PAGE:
Since 1894, the Church has been compiling, preserving and providing access to the world’s genealogy records, pioneering the use of microfilm as a records preservation tool beginning in 1938 and amassing over the years a collection of billions of images of historic records.
As microfilm was superseded by digital photography, the Church’s FamilySearch genealogical service has been at the forefront in use of that technological tool as well.
Now FamilySearch is observing a milestone: Early this week it announced the online publication of its 1 billionth image of historic records, a feat that took only seven years to achieve.
Paul Nauta, public affairs manager at FamilySearch, puts it in a historic context.
“It took us 46 years to publish our first billion images on microfilm,” he noted, “and 12 years to publish our second billion images on microfilm. We began in 2007 to put digital images online, and it took us seven years to publish our first billion images digitally. We suspect it will probably take just around half that time to do the next billion images.”
No other organization — including the Library of Congress or the National Archives — comes even close to having a billion historical records online, he said, though social media sites like Facebook and Flickr can boast of having over a billion photos contributed by users.
“A single digital image can have several historic records on it,” explained Rod DeGiulio, director of FamilySearch Records Division, “which means there are actually billions of records in our image collections online for people to discover and volunteers to index.”
Of the images preserved digitally so far, approximately 70 percent have been converted from microfilm stored over the past half century at the Church’s Granite Mountain Record Vault, a remarkable facility excavated from solid rock near the mouth of Little Cottonwood Canyon southeast of Salt Lake City. Another 25 percent of the images have been captured by camera crews sent out by the Church to various locales around the world. And 5 percent come from partnerships formed between FamilySearch and various national, state, municipal and religious archives.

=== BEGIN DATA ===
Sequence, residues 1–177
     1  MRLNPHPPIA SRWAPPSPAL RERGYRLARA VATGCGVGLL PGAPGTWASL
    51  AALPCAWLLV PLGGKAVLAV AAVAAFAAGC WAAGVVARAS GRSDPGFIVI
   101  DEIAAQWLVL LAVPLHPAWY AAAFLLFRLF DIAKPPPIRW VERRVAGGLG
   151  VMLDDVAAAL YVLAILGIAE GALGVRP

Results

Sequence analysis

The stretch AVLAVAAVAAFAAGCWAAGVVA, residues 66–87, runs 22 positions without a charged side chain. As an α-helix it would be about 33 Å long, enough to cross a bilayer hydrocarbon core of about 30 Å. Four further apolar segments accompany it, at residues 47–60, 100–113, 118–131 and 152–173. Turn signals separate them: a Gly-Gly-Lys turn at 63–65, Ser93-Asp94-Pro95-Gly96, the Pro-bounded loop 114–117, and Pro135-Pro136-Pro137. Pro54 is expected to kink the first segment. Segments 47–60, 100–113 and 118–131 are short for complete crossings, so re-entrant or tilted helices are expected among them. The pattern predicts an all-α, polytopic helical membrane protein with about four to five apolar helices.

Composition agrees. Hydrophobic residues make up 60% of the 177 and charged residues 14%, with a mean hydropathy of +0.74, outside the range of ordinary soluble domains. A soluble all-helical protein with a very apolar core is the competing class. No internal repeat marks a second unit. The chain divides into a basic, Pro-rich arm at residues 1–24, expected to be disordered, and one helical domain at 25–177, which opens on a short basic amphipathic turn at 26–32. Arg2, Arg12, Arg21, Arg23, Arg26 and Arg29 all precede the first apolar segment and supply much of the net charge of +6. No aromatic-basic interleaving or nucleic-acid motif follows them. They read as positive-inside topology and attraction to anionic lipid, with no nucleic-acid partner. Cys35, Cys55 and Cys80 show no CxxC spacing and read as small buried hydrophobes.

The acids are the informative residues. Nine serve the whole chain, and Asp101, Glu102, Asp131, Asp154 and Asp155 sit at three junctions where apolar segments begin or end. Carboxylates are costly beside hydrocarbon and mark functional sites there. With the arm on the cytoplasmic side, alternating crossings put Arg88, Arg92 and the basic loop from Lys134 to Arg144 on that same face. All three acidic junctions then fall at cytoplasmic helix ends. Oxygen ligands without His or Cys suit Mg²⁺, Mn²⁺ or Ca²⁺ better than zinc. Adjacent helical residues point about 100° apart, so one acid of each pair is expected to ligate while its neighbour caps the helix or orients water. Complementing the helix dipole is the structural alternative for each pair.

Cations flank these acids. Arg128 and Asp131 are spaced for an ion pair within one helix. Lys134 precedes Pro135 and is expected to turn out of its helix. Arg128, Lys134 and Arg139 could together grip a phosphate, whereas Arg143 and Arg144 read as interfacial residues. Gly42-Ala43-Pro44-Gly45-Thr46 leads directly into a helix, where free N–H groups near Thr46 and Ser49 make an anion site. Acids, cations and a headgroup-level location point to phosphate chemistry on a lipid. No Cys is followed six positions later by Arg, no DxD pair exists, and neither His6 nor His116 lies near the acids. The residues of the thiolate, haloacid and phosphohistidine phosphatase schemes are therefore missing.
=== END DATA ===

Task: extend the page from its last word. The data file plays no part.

In fact, the 1 billionth image came from such a partnership, with an archive in Peru that houses civil registration documents.
The partnerships are a growing trend, where archives are becoming more interested in opening their collections to preservation by FamilySearch.
“They’re seeking us out now, instead of us seeking them out,” said Jennifer Davis of the FamilySearch Records Division. “They want a low-cost or no-cost option to their records preservation.”
“So it’s a win-win for them,” Brother Nauta added. “They get to preserve their records digitally as a safeguard in case of damage or destruction because of natural disaster, civil conflict or whatever it might be.”
Moreover, the archives see the partnership with FamilySearch as a cost-saving innovation, as the archive can make the records available to patrons online, often referring them to the FamilySearch.org website.
To date, FamilySearch has worked with more than 10,000 archives in more than 100 countries.
The work of digital records preservation is being hastened by a dramatic reduction in the cost to store digital content and by the speed at which digital images can be downloaded to computer databases, Brother Nauta noted. Ten years ago, he said, it cost $1.24 to store digital images on a single gigabyte of memory; today, the cost is less than 3 cents.
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